Injustice System and DNA exoneration

The American "Injustice System" is largely unconcerned

Injustice System and DNA exoneration

The American “Injustice System” is largely unconcerned if it wrongly sacrifices an innocent citizen on the “Altar of Justice”. TRUTH, which is the heart of justice is a relatively minor consideration in the American Justice system.

Ten Missourians were wrongly convicted of sex crimes before the Innocence Project utilized DNA from their cases to prove their innocence. In four of these cases DNA established who the actual criminal in those particular cases were after these wrongly convicted citizens were freed from prison.

On average these ten Missourians spent 17.9 years in prison before they were exonerated. Eight were Black men, one Hispanic and one White man make up the Missouri DNA exoneration according to the Innocence Project.

In one Missouri case, Armand Villasana’s accuser claimed she was raped by a Hispanic male. The police showed her a line-up of five white men and one Hispanic man. And as the sole Hispanic in the line-up this accuser claimed Villasana raped her. Villasana was convicted at trial despite being fifty pounds lighter and several inches shorter than her initial description of her “alleged” rapist. After conviction one of Missouri’s premier criminal defense attorneys Shawn Askinosie entered this case and discovered that untested DNA evidence (semen) was at the Highway Patrol Crime Lab. This DNA exonerated Villasana as the rapist.

Several years later this DNA identified the accuser’s lover, then in prison, and revealed that the rape accusation against Villasana was meant to cover-up an affair between her and her paramour.

The type of “Best Practice” reforms proposed by the “Integrity of Justice” Act would make the criminal justice system far more trustworthy but these reforms have been opposed by prosecutors and law enforcement bureaucrats opposed to independent oversight procedures in the arrest and prosecution of citizens.

Across the nation similar acts of injustice have been documented time and time again. According to the National Registry of Exonerations at the University of Michigan, 1,569 men and women in the United States, most of them African American, have been completely exonerated after being wrongfully convicted and sent to prison. The number of people exonerated for wrongful convictions actually broke a record high in 2014 with 125 exonerations, including six people who were actually on death row awaiting execution.
Less than every three days in our country, some man or woman is released back into society after spending a tragic portion of their life behind bars for a crime they never committed. Few injustices can compare to the horror of spending one hour in prison for something you didn’t do.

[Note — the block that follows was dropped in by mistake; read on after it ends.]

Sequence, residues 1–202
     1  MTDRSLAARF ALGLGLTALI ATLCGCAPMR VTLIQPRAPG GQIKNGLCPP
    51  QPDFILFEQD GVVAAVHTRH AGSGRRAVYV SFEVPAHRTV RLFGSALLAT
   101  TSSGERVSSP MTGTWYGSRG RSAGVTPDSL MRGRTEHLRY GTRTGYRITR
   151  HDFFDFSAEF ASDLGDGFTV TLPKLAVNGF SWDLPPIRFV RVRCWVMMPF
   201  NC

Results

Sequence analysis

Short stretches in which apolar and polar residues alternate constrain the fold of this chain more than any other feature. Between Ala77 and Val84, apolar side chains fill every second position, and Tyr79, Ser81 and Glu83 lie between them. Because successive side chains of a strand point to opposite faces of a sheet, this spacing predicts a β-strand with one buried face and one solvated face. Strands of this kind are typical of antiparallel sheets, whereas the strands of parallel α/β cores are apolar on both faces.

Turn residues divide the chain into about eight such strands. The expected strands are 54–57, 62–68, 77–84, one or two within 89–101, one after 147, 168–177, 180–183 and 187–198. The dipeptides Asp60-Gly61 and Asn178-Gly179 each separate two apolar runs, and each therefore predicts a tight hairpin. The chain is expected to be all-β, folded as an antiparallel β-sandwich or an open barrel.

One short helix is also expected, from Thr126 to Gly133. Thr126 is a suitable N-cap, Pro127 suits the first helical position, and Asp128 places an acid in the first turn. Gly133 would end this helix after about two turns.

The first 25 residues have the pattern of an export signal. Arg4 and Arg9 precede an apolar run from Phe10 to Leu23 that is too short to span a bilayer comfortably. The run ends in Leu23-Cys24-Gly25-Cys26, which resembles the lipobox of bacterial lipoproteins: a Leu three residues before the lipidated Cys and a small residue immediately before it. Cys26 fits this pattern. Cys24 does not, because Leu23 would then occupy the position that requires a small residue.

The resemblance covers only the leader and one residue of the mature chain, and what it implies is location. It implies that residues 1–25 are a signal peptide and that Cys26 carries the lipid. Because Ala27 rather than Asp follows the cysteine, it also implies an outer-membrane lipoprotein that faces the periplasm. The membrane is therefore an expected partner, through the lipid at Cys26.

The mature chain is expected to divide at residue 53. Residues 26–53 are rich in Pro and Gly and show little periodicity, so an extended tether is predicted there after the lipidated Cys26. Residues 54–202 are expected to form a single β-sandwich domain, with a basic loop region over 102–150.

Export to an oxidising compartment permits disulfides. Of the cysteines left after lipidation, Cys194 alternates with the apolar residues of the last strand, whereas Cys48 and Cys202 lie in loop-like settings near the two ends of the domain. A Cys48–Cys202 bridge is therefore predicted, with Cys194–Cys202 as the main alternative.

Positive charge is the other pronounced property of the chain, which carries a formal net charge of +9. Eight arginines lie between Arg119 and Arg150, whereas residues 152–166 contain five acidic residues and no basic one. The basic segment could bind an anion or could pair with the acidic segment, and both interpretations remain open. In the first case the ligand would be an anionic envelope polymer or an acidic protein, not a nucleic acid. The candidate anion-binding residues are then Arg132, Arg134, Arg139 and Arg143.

Ricky Jackson of Ohio spent 341,640 hours, or 39 years, behind bars before he was exonerated. Just a teenager when he was convicted, he was nearly a senior citizen when he was released.

Jonathan Fleming was serving the 25th year of a 25-year sentence when he was finally exonerated after a wrongful conviction.

Glenn Ford, on death row for 30 years in Louisiana, was 64 years old when he was released and was exonerated. Stricken with lung cancer, he was only expected to live a few more months.

One study determined that nearly 10,000 people are likely to be wrongfully convicted for serious crimes annually. Another study estimates that as many as 340 people are likely to have been executed in the United States before they were properly exonerated.

These are a travesties.

But the conversation should not end at our conclusion that these wrongful convictions are a travesty. It appears, though, that an entire section of America refuses to believe that police or prosecutors can ever do any wrong at all. Except they do. Often.

Detective Louis Scarcella of the NYPD is accused of framing suspects, forcing fake confessions, and using the same single eyewitness for multiple murders. Many men who were wrongfully convicted under his watch have recently been exonerated and 50 of his cases are under review.

Chicago has now been called the “false confession capital” as more and more details are uncovered on how the city’s police officers are torturing men and women to confess to crimes they didn’t commit. They were so good at it, in fact, that Detective Richard Zuley was brought from Chicago to Guantanamo Bay to directly oversee one of the most brutal torturing operation in modern history.

The prosecutor of Glenn Ford, shipped off to death row at Angola State Prison in Louisiana in 1984, now openly admits that he was “sick … arrogant, judgemental, narcissistic and very full of myself” when he sought the wrongful conviction of Ford, who spent 30 years of his life in one of the most brutal prisons in the world.

Four police officers in Fort Lauderdale, Florida, were just caught sending texts to one another about “killing nigg*rs” and giving them the “early death penalty.”

Our justice system is substantially broken. This brokenness, though, must not be understood in some abstract way. It’s broken because the people leading it are often wrongly influenced by race with a malice that undermines the spirit of justice.

Fixing this broken system requires a political will rarely demonstrated these days.

A few states have enacted most of the “Best Practice” reforms proposed by the Integrity of Justice Act and Missouri has partially implemented a felony interview recording requirement and an incomplete jury instruction on eyewitness identifications that partially address two of the main causes by which innocent citizens are wrongly convicted.

Only Bernie Sanders appears to be addressing the problems of the justice system in any meaningful way and the political reform is necessary for criminal justice reform

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